I, too, love the cooler climate syrahs (like Failla and Baker Lane), and have written enthusiastically about them. But if anyone deigns to denigrate warm or moderate climate wines, they should at least apply a sensible logic if they're going to leave readers and consumers with those dubious impressions.

  • Randy Caparoso 5 years ago

    You didn't write that piece in the Times, Patrick, which is why your point about ripeness became muddled. Having read what you've written in the past, I know that you wouldn't have written anything so convoluted to the point where nuances are lost. Your knowledge and experience is too deep for that.

    So please don't take my criticism as a criticism of you. You're just the guy who was quoted so that someone else could make a case. So with sincere apologies and respect, let's raise a glass again soon!

  • rrs 5 years ago

    So, I am a producer who has a hard time "giving away" $20 Syrah from Central Coast California (cool climate); we get great scores and people who actually taste the wine love it...but we have reduced production because the shelf life is too long for retailers (and, I do not blame them). However, at the same time, we have increased our production of $45 Syrah (Reserve); it sells faster than the complimentary "estate" vintages.

    Randy is smart to remember and point out the fate of Pinot Noir in California; In the early 80s I could not give away Pinot Noir from an area that now is considered one of the best Pinot Noir Appellations...

    There is disconnect between good wines that everyone should enjoy and wines that people buy. Read a few wine columns and try recommendations from someone who appears to have an attitude about food and wine that might match yours...see if you can find a writer who has a taste that you appreciate and follow the path of discovery that writer will craft for

  • C. 5 years ago

    Thanks for the follow-up points, Randy.

    Though you reminded me of another reason that I have thought that Cali Syrah sales have suffered. The big, over-the-top, high-alcohol syrahs which generally have higher prices are competing with big, over-the-top, high alcohol Zins, which are less expensive (by comparison), so people who do want that style will go with the Zin. Just IMHO.

  • Randy Caparoso 5 years ago

    Well, C (you're welcome, btw), not exactly, since zinfandel is definitely all about "jammy" flavors (why zin drinkers love them), whereas if you find jamminess in syrah, or pinot noir or cabernet sauvignon, it doesn't quite fit (which is why West Coast syrahs, as I mentioned, aren't really like South Australian syrahs).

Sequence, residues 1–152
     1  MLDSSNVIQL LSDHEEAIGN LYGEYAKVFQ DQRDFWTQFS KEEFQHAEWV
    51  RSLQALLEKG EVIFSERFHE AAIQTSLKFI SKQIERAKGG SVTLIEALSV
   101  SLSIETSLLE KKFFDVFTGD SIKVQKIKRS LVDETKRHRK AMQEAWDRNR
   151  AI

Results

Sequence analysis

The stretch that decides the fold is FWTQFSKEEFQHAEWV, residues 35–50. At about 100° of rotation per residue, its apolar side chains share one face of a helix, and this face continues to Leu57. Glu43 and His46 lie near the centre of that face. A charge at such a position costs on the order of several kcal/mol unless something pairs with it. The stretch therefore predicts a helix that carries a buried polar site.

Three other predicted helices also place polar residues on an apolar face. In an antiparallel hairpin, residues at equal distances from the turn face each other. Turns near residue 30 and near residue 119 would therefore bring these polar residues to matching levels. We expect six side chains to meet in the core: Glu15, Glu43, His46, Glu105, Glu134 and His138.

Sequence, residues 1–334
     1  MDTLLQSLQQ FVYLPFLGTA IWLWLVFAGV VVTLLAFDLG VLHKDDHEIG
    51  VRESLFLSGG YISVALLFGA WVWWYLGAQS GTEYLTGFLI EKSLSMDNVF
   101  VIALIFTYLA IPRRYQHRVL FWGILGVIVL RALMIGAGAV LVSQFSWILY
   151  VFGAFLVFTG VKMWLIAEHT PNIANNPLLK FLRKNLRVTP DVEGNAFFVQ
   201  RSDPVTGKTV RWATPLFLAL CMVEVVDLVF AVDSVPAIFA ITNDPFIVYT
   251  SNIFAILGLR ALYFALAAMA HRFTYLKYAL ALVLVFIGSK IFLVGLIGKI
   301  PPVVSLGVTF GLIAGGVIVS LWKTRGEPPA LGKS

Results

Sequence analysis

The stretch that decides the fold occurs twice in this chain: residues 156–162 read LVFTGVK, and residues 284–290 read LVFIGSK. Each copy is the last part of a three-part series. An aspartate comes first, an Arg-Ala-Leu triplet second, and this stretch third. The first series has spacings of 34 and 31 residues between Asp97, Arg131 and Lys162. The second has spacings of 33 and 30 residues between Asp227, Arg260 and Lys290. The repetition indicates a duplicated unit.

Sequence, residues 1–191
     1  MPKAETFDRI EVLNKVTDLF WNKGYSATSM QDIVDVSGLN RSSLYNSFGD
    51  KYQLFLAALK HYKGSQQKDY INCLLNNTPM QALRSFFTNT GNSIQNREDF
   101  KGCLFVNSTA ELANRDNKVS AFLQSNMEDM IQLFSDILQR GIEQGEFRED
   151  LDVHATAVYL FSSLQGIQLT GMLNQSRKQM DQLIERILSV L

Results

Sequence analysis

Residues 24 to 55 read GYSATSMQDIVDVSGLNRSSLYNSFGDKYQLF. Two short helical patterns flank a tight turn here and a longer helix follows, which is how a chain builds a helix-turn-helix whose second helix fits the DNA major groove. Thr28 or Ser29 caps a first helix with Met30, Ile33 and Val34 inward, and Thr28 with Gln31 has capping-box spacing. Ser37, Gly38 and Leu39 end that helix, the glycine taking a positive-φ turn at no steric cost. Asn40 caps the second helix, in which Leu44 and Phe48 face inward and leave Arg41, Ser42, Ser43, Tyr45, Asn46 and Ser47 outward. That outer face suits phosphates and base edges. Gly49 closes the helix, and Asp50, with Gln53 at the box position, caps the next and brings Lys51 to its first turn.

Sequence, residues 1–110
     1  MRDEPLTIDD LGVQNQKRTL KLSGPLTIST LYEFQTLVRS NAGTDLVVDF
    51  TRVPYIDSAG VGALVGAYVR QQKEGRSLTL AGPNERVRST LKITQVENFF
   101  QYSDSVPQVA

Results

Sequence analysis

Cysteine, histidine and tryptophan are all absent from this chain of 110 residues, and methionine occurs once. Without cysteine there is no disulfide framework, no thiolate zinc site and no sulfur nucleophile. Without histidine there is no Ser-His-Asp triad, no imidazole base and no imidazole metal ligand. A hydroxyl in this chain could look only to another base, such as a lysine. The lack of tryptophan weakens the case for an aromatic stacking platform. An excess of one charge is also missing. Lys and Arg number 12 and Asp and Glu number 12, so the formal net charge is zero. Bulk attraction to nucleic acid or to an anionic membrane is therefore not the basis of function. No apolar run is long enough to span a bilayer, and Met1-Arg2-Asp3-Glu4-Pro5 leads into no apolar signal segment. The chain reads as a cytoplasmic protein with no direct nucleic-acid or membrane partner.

These days ultra-premium West Coast cabs and pinots, you know, are typically picked extremely ripe, resulting in alcohol levels in the mid-14% range. Why? Because that's when they're most flavorful, and consumers have responded enthusiastically. That's why I defend syrahs picked in that range, because this is more of the American style. But the best syrahs picked at this peak ripeness are still very perfumed and spicy -- syrah-like. I'd venture to say that if you tried them next to zins, you wouldn't see that much resemblance either.

  • Randy Caparoso 5 years ago

    Oh, one more thing, C. Sales of syrah aren't really "suffering." They're increasing, but not by enough. It's just that the planting spree of the mid-to-late '90s which has resulted in dramatic increase of American syrahs on the market has caused an oversupply. Many of today's syrah producers aren't happy with their sales, but keep in mind that 10 years ago, these syrahs weren't even around.

    The top syrah producers, ironically, all say their sales are terrific. They have people standing in line to buy them. Unfortunately, not all syrah producers are so lucky.

    They're are many great wines made today that are in oversupply -- Germany rieslings, Champagne, most of what is coming out of Italy and Australia, etc. -- but that doesn't mean there's something "wrong" with these wines. In reality, wines around the world are generally far better than ever, but production has outstripped demand. It's been boon times for consumers, and American syrah is caught up in that net.